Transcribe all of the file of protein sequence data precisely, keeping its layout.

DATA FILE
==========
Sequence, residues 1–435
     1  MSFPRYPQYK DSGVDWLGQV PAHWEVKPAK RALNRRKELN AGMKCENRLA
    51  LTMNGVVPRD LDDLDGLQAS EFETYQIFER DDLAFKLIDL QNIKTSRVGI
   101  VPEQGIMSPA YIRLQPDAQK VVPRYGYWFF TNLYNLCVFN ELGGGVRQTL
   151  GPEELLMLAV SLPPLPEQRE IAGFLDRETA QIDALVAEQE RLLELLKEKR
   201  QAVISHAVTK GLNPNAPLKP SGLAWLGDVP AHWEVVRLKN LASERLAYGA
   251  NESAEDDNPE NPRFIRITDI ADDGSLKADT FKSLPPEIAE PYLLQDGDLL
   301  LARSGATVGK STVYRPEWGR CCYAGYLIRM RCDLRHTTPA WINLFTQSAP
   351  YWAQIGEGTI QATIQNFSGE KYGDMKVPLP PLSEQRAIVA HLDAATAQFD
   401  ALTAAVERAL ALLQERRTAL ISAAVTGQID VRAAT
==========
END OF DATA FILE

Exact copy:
Sequence, residues 1–435
     1  MSFPRYPQYK DSGVDWLGQV PAHWEVKPAK RALNRRKELN AGMKCENRLA
    51  LTMNGVVPRD LDDLDGLQAS EFETYQIFER DDLAFKLIDL QNIKTSRVGI
   101  VPEQGIMSPA YIRLQPDAQK VVPRYGYWFF TNLYNLCVFN ELGGGVRQTL
   151  GPEELLMLAV SLPPLPEQRE IAGFLDRETA QIDALVAEQE RLLELLKEKR
   201  QAVISHAVTK GLNPNAPLKP SGLAWLGDVP AHWEVVRLKN LASERLAYGA
   251  NESAEDDNPE NPRFIRITDI ADDGSLKADT FKSLPPEIAE PYLLQDGDLL
   301  LARSGATVGK STVYRPEWGR CCYAGYLIRM RCDLRHTTPA WINLFTQSAP
   351  YWAQIGEGTI QATIQNFSGE KYGDMKVPLP PLSEQRAIVA HLDAATAQFD
   401  ALTAAVERAL ALLQERRTAL ISAAVTGQID VRAAT